The North American Pharmacist Licensure Examination or NAPLEX is our principle board exam that tests our knowledge of pharmacy practice. It involves multiple topics learned in school from therapeutics to patient assessment. It also tests the applicants ability to identify safe and accurate methods of both preparing and dispensing medications. The NAPLEX surprisingly, is not a hard exam. The average pass rate for test takers is OVER 95%. If you paid attention in school and you study for the exam, you should pass no problem. The current cost (as of 2013) is $485.
All pharmacists must complete their state specific law exam. While the federal regulations are consistent throughout the states, each state has their own specific rules and regulations. If a pharmacists wishes to be licensed in more than one state, they must complete each of the states own law exam. The MPJE is typically the exam that students find the most difficult. The law can be confusing and the amount of material that can be tested on is overwhelming. Still, with proper studying, most students should be able to pass the exam.
Not many states require this exam anymore but if you want to practice in states that do require it, you must take and pass it, regardless of where you initially got your pharmacy license. New York is an example of a state that continues to use this exam. The exam is split into sections, a written section and a laboratory session. We certainly recommend taking a preparation class for the compounding exam if you are not from a school that teaches compounding in detail. This exam is tricky and a small error (such as forgetting to put an expiration date on an IV bag) can result in failure of the exam.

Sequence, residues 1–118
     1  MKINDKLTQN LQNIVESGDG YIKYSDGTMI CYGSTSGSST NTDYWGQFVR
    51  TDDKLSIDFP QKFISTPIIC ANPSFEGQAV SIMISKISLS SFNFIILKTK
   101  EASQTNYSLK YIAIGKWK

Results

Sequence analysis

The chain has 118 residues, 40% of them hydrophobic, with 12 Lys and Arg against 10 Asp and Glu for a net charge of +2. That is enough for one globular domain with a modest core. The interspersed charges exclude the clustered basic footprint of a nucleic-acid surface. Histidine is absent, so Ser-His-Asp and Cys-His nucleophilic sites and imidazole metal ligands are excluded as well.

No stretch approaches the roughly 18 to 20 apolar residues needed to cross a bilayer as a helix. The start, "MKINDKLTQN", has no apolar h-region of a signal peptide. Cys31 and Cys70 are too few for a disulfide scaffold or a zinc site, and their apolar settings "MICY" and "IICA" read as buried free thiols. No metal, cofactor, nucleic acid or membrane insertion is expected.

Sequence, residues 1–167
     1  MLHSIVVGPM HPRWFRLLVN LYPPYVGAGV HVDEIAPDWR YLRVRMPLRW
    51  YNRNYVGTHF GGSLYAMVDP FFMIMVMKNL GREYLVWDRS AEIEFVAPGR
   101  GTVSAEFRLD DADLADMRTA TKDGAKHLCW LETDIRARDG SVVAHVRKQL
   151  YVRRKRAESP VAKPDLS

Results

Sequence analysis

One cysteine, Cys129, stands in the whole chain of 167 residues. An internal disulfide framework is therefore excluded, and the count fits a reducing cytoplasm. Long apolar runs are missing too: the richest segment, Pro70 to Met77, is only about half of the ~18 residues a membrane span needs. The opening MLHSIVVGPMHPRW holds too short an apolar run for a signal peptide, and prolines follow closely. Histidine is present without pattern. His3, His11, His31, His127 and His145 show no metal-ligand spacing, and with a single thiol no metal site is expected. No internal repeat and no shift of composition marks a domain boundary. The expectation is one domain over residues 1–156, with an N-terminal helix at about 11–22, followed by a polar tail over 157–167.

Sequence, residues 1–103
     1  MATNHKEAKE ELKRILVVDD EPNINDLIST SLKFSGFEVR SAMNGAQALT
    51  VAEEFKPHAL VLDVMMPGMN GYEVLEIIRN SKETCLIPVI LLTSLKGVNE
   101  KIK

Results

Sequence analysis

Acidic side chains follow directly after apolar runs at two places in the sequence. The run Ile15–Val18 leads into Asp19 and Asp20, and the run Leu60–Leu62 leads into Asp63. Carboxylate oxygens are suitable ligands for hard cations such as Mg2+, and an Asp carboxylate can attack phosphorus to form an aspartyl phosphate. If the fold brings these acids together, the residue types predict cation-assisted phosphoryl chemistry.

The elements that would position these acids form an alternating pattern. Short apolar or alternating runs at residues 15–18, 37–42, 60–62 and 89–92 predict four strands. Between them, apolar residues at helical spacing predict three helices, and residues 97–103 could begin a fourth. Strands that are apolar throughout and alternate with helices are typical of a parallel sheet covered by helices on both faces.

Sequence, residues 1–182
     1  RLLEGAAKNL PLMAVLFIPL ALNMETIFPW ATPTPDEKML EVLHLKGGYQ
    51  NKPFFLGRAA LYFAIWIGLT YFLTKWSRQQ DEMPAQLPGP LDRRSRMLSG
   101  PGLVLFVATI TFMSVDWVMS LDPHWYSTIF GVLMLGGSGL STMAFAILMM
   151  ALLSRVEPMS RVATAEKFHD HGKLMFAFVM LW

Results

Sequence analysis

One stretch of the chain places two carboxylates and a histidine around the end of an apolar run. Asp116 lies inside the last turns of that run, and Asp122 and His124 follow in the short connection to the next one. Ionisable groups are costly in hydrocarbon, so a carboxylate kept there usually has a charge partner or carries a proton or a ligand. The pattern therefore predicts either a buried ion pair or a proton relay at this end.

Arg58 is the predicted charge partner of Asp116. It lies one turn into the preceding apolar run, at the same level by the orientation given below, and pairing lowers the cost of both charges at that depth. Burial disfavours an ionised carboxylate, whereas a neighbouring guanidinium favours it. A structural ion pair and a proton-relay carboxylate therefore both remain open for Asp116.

There you have it! Once you have passed your examinations and completed the appropriate paperwork, you are now a licensed pharmacist! Even after becoming licensed, you have the option of continuing your education by completing two years of residencies or going out and looking for a job.
Frequently Asked Questions From YOU On How To Become A Pharmacist:
Q: Is there a certain GPA you need in college to get into a pharmacy school?
A: There is no gold standard GPA you need to have in school to get into pharmacy school as every school has different requirements and GPA is only one part of the admission process. Typically you need at least a 2.5-3.0 GPA to be eligible to apply to schools.
Q: Are there only pharmacy schools where I can just take classes online?
A: There actually is one! Creighton University is mostly online. You will need in person experiential hours at local pharmacies however at some point in your college education so it isn't COMPLETELY online.
Q: What classes should I take in high school?
A: While your grades in high school don't factor into pharmacy school acceptance, they can give you a solid base of knowledge for upcoming college classes. I do recommend taking high level (e.g. AP) math and science classes in high school. Much of the material in those classes is similar to entry level college courses and can make them that much more manageable.
Q: How long is pharmacy school?
A: Pharmacy school is typically a four year program. The first 3 years you are taking classes and the fourth year you intern at local pharmacy institutions. Some pharmacy schools have accelerated programs that allow their students to graduate in 3 years. Before pharmacy school you must complete your undergraduate prerequisite classes which can take anywhere from 2-4 years.